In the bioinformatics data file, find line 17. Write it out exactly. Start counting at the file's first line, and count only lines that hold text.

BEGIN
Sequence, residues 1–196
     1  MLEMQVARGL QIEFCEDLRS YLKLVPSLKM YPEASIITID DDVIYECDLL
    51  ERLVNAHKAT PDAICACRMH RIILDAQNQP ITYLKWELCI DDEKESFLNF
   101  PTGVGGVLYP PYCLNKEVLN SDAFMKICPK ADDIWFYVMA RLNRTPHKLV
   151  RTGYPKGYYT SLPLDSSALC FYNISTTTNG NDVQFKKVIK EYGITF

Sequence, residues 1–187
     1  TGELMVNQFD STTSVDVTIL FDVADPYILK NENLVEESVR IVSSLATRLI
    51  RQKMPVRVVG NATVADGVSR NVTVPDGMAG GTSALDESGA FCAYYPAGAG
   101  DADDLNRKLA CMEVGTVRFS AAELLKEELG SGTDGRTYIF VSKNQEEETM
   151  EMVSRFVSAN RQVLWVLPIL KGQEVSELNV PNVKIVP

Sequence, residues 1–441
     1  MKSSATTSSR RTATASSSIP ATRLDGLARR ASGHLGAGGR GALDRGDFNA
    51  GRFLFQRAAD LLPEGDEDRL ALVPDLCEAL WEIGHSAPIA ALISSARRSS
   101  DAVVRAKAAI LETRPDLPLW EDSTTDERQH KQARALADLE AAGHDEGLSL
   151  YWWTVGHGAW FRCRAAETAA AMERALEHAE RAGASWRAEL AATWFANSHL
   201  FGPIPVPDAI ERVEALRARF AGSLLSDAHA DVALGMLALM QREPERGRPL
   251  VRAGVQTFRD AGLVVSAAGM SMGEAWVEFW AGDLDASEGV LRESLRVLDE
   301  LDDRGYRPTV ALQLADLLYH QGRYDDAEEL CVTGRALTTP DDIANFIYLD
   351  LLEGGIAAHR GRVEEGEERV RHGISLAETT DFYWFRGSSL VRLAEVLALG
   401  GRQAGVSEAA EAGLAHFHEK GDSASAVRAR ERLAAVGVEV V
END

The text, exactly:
   251  VRAGVQTFRD AGLVVSAAGM SMGEAWVEFW AGDLDASEGV LRESLRVLDE